An animal rights group is suing Santa Cruz Biotechnology over alleged violations of animal welfare laws occurring throughout the past several years.
The suit was filed in Santa Cruz County Court on Thursday by the Animal Legal Defense Fund, on behalf of Ohio-based Stop Animal Exploitation Now. It seeks a permanent injunction to prevent Santa Cruz Biotech, an antibody production facility, from continuing to violate animal welfare regulations.
The nonprofit and its executive director, Michael Budkie, allege that Santa Cruz Biotech has provided inadequate and improper medical care to unhealthy animals, primarily goats.
"SC Biotech's animal cruelty has caused financial injury to Stop Animal Exploitation Now," according to the suit. "SAEN's mission compels it to respond to the abuse at SC Biotech."
The organization says it has suffered financial injury because financial resources have had to be diverted toward fighting the ongoing animal welfare violations at Santa Cruz Biotech.
Stop Animal Exploitation Now also alleges that by violating federal animal welfare regulations, Santa Cruz Biotech is undermining competition and engaging in unfair business practices.
Representatives from Santa Cruz Biotech have not return repeated calls from the Sentinel.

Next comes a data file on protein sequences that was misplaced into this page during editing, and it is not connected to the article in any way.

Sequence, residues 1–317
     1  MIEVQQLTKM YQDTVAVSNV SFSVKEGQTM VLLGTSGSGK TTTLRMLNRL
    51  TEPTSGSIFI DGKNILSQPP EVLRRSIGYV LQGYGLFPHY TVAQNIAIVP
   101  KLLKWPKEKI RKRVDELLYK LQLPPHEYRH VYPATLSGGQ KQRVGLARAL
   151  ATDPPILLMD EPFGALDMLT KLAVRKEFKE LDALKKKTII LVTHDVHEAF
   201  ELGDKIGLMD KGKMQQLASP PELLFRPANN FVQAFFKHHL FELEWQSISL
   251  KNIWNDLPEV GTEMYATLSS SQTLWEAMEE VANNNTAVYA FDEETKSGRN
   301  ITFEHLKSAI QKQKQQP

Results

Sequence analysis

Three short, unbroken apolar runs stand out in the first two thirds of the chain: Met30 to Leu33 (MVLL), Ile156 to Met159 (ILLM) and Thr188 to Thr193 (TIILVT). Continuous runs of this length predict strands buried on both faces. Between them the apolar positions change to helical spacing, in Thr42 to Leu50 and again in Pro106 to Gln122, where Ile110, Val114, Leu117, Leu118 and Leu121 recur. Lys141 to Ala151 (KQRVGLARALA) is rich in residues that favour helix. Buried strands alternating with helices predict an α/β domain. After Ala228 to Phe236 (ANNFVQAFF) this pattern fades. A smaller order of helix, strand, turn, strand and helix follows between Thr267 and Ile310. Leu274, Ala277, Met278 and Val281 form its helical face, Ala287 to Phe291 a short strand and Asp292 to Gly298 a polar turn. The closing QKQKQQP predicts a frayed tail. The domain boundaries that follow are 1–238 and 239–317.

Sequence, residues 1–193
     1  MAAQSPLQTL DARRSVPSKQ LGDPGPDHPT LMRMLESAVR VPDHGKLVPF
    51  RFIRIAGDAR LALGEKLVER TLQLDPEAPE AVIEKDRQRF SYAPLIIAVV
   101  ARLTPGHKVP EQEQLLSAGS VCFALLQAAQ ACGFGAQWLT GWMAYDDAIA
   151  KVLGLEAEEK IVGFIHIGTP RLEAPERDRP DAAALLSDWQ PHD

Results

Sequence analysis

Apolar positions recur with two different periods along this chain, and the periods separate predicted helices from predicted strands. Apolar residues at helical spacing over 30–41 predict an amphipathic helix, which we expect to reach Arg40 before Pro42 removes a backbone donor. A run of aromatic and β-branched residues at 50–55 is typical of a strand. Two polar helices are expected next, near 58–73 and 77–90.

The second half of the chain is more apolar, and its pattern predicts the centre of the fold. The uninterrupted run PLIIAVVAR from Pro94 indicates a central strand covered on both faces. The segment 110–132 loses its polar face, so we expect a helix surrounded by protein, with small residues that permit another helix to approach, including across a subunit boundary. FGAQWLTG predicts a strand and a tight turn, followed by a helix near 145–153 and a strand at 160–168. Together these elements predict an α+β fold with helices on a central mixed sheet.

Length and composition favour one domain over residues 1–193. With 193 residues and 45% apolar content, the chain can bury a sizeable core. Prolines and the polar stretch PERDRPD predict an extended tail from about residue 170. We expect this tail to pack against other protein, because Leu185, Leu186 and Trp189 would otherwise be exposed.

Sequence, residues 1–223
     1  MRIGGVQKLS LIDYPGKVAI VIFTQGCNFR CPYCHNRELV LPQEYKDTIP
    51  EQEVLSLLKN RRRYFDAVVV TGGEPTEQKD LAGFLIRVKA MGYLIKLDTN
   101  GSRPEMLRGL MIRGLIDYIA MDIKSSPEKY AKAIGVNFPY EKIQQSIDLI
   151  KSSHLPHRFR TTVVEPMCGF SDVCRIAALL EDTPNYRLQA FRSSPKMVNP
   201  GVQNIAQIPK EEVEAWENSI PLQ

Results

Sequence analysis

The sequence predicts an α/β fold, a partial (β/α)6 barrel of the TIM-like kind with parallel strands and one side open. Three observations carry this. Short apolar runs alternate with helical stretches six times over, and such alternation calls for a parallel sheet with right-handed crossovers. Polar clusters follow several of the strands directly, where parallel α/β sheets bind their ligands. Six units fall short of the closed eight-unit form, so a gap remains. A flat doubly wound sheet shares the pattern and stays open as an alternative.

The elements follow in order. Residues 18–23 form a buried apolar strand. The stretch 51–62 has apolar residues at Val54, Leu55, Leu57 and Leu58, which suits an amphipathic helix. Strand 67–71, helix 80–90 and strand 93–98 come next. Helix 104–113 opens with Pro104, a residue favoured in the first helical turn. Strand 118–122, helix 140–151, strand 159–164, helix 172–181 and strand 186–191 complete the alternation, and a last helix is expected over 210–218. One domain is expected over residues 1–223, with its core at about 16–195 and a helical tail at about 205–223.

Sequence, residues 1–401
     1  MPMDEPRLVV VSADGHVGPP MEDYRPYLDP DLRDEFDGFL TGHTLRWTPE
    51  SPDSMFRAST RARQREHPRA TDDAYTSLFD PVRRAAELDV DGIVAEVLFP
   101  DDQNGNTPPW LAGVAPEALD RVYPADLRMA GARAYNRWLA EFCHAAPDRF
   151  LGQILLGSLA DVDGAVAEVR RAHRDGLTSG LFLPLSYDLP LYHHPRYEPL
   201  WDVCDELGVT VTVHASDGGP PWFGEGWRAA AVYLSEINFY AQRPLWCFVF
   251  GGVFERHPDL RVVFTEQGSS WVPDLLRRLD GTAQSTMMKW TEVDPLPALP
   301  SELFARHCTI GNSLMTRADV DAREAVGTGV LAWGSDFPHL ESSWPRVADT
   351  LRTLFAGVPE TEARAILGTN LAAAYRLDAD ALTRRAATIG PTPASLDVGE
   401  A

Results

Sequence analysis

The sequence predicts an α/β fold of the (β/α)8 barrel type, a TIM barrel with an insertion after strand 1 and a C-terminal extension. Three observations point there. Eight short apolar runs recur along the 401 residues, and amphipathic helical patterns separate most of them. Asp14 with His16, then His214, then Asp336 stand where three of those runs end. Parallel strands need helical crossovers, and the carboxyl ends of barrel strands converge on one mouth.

The U.S. Department of Agriculture also has a pending complaint against Santa Cruz Biotech, filed in September. That complaint chastises the company for ongoing repeated noncompliance with the animal welfare act as discovered in numerous federal inspections. The agency's inspection records show the company has continued to rack up violations during inspections conducted after the complaint's filing.
Earlier this week it was revealed that during an October 2012 inspection, federal inspectors discovered there were an additional 841 goats being kept in a barn about nine miles from the main animal facility. The USDA requires companies to tell them of all animals they have, and they allege that not only did staff fail to notify the agency of the goats' existence, they also repeatedly lied. Further investigation determined the barn had been in use for at least two and a half years.
David Sacks, spokesman for the USDA's Animal and Plant Health Inspection Service, said he didn't know exactly where at Santa Cruz Biotech those goats were located, just that they were about nine miles from where the rest of the goats were.
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